Later this week, New Zealand’s Labour-led coalition Government will introduce legislation to implement the first tranche of its demand-side housing reforms, amending the Overseas Investment Act to preclude foreign buyers from purchasing residential property. From The Canberra Times:
Ms Ardern’s Labour Party is adamant that a law change banning foreigners from buying most types of homes in the country… will help damp down property prices.
The bill will still allow foreigners to buy new apartments in large developments and multi-storey blocks. Existing homes remain off limits to non-residents, but people from Australia and Singapore will be exempt from the ban, due to free-trade rules.
David Parker, the minister for trade and economic development who is responsible for the bill, said it wasn’t just about house prices.
“In this world of concentrating wealth, we don’t want this coterie of ultra-wealthy people overseas being able to outbid successful New Zealanders for what is our birthright, not theirs,” he said.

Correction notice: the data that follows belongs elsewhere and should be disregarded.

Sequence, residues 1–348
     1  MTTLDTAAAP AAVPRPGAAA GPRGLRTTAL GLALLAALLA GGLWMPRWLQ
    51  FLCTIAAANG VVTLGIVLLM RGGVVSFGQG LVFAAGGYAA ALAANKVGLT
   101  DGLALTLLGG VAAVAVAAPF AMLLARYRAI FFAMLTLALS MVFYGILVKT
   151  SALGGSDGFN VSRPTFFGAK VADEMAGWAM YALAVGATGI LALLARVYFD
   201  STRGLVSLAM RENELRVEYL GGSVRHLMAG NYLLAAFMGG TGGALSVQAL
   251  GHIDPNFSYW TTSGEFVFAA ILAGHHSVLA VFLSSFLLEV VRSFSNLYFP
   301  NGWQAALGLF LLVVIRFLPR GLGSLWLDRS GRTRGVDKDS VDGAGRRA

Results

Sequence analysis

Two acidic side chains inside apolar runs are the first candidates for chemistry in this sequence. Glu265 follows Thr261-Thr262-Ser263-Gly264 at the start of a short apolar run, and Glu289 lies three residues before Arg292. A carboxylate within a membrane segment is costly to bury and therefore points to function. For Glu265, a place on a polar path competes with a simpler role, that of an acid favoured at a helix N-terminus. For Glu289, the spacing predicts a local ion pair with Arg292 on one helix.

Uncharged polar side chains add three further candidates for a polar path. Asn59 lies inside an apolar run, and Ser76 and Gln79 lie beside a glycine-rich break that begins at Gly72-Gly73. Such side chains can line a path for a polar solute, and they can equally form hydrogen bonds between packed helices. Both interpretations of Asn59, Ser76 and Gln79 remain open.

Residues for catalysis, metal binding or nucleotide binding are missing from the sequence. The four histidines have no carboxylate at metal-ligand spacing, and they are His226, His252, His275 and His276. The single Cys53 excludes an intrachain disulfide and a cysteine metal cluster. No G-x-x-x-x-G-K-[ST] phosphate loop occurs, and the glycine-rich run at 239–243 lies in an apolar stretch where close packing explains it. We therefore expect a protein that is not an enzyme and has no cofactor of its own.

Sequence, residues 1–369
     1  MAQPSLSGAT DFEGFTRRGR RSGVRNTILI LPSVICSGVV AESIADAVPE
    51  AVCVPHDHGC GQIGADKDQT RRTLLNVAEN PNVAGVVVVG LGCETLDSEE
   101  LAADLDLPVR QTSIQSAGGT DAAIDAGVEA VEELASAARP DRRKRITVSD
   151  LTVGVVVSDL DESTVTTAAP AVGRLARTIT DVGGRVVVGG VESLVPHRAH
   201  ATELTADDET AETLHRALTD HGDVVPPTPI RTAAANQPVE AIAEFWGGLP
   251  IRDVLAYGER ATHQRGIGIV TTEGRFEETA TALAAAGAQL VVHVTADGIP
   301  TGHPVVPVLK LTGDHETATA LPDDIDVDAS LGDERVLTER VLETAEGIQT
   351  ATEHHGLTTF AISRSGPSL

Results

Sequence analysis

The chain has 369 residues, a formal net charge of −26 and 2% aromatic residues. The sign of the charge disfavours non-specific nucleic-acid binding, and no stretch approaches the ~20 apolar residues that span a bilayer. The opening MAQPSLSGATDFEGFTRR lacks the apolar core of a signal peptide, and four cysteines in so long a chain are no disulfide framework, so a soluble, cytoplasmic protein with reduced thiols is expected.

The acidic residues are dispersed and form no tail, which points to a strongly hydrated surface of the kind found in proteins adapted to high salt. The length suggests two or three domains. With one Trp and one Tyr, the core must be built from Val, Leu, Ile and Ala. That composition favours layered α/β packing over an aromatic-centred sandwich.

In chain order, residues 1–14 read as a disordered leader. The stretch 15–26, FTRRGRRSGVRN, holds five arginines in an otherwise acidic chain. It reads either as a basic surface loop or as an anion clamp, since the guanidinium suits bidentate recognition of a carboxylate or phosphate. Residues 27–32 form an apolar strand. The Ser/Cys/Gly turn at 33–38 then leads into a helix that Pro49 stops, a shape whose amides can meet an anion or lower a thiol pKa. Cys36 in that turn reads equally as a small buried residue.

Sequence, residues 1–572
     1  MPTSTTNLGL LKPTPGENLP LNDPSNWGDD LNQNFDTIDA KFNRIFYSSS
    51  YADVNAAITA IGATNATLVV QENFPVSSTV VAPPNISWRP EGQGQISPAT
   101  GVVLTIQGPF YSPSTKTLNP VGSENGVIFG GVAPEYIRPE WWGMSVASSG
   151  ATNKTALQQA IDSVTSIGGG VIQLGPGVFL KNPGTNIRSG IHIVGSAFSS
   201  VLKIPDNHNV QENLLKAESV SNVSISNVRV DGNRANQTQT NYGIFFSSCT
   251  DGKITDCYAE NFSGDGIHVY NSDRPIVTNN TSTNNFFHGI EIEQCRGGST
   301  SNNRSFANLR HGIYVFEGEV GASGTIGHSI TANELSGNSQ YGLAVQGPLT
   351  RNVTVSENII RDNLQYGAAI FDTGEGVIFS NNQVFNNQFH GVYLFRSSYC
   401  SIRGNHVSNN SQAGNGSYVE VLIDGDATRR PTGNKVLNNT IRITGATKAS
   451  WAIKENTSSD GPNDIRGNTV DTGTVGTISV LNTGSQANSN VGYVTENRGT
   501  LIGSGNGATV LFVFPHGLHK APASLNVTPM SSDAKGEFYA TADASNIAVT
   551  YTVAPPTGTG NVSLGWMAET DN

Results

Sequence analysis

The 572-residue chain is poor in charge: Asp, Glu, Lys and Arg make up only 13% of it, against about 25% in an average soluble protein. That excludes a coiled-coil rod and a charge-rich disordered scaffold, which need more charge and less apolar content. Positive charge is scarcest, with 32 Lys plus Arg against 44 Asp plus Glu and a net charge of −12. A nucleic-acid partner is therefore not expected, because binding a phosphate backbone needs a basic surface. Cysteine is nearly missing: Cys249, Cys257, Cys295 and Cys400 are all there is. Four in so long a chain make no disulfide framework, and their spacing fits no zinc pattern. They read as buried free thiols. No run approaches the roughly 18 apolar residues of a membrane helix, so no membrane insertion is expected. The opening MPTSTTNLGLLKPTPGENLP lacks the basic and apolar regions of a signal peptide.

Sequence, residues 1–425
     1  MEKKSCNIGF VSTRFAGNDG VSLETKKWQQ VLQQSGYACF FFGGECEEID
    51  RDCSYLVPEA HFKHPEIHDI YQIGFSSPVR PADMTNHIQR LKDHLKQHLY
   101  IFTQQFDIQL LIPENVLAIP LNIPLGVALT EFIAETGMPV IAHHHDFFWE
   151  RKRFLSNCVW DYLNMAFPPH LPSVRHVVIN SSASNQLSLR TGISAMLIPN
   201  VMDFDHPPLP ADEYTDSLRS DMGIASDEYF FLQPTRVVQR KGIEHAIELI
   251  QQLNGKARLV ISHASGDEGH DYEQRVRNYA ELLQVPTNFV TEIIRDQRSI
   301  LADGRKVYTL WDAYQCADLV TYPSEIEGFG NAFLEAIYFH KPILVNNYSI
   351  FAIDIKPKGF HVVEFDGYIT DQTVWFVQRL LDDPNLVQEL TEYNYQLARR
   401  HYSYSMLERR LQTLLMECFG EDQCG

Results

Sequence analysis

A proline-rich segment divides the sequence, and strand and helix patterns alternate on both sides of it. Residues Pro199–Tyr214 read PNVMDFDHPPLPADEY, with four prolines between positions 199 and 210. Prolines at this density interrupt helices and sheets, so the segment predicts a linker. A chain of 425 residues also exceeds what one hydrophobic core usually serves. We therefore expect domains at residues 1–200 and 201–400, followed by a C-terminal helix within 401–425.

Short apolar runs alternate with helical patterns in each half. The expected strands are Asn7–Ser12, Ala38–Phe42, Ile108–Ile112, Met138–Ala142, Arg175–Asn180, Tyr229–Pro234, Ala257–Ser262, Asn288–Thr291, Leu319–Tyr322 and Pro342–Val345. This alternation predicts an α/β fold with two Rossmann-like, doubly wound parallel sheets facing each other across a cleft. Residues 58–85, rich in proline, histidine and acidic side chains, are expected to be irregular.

Great to see. Although I would have gone further and banned temporary residents from purchasing established dwellings as well. As is the case in Australia, there is also the issue of how the new regime will be enforced. After all, there’s little point in having the rules in place if they are policed lackadaisically, and those found breaking the rules are not punished adequately.
According to Statistics New Zealand, foreign buyers gobble 7.3% of Auckland homes in the March quarter:
This is material given the acute housing pressures in Auckland, where average dwelling values are above $1 million and there is a chronic shortage of housing: